Ground Penetrating Radar

What is GPR (Ground Penetrating Radar)?

GPR is denoted for Ground Penetrating Radar. It is a non-destructive testing technique that uses a high frequency radio signal to locate targets embedded in concrete or to map underground utilities in the subsurface. GPR is capable of continuous data collection, requires only one-sided access, and provides real-time inspection results. Since it uses radio waves, the average radiated power is less than 1% of the transmitted power of a cell phone. Therefore, GPR poses no hazard, it is safe to operate at Airports, Hospitals, and during construction, and does not require any evacuation of personnel.

Basic Principal of Ground Penetrating Radar (GPR)
Basic Principal of Ground Penetrating Radar (GPR)

How does it work?

Ground Penetrating Radar (GPR) uses radio waves that are transmitted into the subsurface and reflected signals are returned back to the receiving antenna and digitally store into an electronic device. The computer measures the time taken for a pulse to travel to and from the buried object. With proper calibration of the speed of travel of the radio waves through the subsurface medium, the depth and location of the target can be instantly determined.

How deep can GPR penetrate?

The depth of penetration depends on many factors, such as: the dielectric constant of the material, antenna frequency, differences in the electrical conductivity between the target and surrounding materials. In practice, here are some examples of the general GPR limits:

  • To 24 inches (0.6m) in concrete
  • To 30 feet (10m) to detect objects in the earth
  • T0 100 feet (30m) to detect water tables, bedrock in the earth
  • To 1000 feet (300m) in ice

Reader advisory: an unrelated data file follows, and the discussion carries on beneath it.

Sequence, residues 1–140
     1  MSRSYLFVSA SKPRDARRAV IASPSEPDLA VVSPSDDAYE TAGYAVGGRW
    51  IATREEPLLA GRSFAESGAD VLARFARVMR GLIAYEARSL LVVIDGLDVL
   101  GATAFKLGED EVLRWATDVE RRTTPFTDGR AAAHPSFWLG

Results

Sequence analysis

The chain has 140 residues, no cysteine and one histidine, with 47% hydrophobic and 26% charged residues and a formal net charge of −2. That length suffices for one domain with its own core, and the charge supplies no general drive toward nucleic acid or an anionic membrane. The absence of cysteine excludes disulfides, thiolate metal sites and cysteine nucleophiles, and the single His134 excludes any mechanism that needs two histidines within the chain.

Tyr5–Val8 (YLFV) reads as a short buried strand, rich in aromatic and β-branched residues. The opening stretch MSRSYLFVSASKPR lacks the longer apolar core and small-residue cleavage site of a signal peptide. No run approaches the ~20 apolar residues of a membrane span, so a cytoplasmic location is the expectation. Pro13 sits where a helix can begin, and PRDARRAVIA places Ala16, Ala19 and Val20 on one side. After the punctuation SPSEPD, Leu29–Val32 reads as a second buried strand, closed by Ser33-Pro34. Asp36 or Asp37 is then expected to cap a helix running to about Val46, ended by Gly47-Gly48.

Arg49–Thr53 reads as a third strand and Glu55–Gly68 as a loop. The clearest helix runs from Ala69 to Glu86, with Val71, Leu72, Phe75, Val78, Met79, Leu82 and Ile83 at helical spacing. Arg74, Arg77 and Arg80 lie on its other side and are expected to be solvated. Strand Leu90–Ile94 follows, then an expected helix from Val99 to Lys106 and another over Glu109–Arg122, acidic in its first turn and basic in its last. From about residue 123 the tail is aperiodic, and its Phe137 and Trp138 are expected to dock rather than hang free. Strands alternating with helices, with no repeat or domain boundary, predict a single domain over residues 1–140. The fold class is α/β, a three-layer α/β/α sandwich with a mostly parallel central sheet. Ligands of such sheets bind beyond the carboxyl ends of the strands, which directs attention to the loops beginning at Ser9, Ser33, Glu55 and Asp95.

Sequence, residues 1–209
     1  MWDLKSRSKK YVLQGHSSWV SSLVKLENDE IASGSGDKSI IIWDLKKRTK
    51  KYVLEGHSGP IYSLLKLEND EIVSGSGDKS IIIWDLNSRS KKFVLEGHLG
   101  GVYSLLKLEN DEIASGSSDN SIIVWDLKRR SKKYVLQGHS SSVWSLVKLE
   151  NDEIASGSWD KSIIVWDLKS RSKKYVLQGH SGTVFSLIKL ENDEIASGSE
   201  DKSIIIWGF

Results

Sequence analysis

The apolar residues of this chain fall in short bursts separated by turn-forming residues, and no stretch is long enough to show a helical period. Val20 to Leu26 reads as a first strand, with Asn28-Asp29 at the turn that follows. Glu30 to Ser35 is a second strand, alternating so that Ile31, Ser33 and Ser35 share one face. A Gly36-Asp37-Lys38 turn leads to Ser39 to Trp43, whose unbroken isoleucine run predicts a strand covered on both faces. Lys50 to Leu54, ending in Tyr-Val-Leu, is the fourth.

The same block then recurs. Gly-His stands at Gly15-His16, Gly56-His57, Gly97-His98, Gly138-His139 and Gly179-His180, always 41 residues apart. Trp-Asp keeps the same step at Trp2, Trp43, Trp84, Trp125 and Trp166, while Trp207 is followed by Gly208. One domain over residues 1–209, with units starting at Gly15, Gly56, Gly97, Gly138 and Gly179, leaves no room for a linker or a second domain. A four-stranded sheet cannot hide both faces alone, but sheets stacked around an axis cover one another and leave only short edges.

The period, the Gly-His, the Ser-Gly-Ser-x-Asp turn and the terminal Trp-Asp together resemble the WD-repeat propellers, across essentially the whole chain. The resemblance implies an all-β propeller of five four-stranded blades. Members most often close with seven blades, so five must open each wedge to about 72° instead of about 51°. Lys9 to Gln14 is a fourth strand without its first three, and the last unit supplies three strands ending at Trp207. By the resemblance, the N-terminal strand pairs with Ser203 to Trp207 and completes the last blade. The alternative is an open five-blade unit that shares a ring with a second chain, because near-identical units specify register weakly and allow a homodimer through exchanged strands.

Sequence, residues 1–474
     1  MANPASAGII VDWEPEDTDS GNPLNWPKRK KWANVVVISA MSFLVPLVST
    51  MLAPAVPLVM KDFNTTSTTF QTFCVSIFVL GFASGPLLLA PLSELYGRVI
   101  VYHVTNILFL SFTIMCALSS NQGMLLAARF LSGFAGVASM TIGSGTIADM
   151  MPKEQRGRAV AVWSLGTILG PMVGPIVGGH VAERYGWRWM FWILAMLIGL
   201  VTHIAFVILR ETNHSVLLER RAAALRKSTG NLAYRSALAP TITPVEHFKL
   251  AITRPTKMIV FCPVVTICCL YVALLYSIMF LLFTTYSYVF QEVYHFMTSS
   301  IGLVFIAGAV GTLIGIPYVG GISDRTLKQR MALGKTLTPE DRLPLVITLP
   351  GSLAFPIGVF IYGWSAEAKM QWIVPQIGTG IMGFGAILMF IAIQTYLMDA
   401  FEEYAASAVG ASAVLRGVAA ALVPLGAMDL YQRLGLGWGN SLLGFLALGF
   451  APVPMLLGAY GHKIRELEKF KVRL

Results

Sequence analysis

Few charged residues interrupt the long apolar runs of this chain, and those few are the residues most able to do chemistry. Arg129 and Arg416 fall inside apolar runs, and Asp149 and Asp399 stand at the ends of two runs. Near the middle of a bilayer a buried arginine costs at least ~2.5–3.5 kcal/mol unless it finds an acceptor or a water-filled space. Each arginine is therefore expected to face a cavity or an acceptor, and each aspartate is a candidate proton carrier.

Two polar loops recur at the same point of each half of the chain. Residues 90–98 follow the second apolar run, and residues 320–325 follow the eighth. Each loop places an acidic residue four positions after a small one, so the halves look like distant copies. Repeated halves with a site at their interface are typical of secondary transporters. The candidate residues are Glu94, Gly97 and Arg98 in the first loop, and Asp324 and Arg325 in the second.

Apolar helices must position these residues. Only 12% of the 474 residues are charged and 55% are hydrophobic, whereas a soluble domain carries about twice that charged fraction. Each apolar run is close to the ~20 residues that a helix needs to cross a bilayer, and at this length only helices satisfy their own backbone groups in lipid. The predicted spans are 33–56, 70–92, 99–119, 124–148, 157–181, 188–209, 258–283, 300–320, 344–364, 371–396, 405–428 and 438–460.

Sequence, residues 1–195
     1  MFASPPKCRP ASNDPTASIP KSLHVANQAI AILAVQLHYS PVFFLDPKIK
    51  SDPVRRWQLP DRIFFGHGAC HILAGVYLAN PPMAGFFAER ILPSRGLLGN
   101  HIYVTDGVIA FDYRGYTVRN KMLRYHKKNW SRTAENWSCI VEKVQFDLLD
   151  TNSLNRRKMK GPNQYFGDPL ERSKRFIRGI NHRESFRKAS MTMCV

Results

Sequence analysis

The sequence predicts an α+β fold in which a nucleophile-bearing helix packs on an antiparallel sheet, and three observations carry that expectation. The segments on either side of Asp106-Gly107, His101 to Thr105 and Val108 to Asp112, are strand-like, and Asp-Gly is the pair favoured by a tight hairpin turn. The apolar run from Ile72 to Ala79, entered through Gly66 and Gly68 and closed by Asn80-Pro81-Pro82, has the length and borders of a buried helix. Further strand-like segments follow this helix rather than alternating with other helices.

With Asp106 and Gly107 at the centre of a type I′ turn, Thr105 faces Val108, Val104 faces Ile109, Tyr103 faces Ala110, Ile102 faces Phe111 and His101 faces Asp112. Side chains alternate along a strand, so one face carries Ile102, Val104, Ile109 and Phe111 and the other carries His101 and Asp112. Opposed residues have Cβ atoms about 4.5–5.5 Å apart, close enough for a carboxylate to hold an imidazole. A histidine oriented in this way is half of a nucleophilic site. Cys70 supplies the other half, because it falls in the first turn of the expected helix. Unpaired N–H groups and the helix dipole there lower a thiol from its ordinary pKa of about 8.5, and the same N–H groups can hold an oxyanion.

Since the antenna frequency plays an important in the depth of penetration for Ground Penetrating Radar (GPR), here are some commonly used antennas in the construction industry:

Manufactured by GSSI, USA
Manufactured by GSSI, USA
This is the new 2600 MHz ultra-high resolution antenna. It is designed for inspecting concrete structures to locate closed spaced rebar, post-tension cables and conduits. The depth of penetration is approximately 12” (0.3m).
The new Palm Antenna (2000 MHz) has the ability to reach tightly spaced areas that were inaccessible; such as corners, areas against walls, and around obstructions. The depth of penetration can be up to 16” (0.4m). It is compact, light-weighted, and versatile to be used in today’s construction industry.
Manufactured by GSSI, USA
Manufactured by GSSI, USA
Manufactured by GSSI, USA
Manufactured by GSSI, USA
The 1600 MHz is the general purpose concrete antenna. It has a depth range of 18” (0.5m), and it is also used to inspect concrete structures to locate embedded rebar, post-tension cables and conduits.
The 1000 MHz high-frequency antenna can provide the deepest penetration of 24” (0.6m) in concrete. It is commonly used concrete inspection to locate rebar, conduits and post-tension cables. It is also equipped with a power cable detection system (PCD) for mapping of energized conduits. Manufactured by Sensoft, Canada
Manufactured by Sensoft, Canada
Manufactured by GSSI, USA
Manufactured by GSSI, USA
The 400 MHz and 270 MHz antenna are suited for locating and mapping of underground utilities, such as: electrical, gas, water, sewer, storm lines – and other metallic and non-metallic targets including oil tank, underground storage tank (UST) and PVC pipes. The depth of penetration ranges from 12 ft (4m) to 18 ft (6m) depending on the soil conditions.
 
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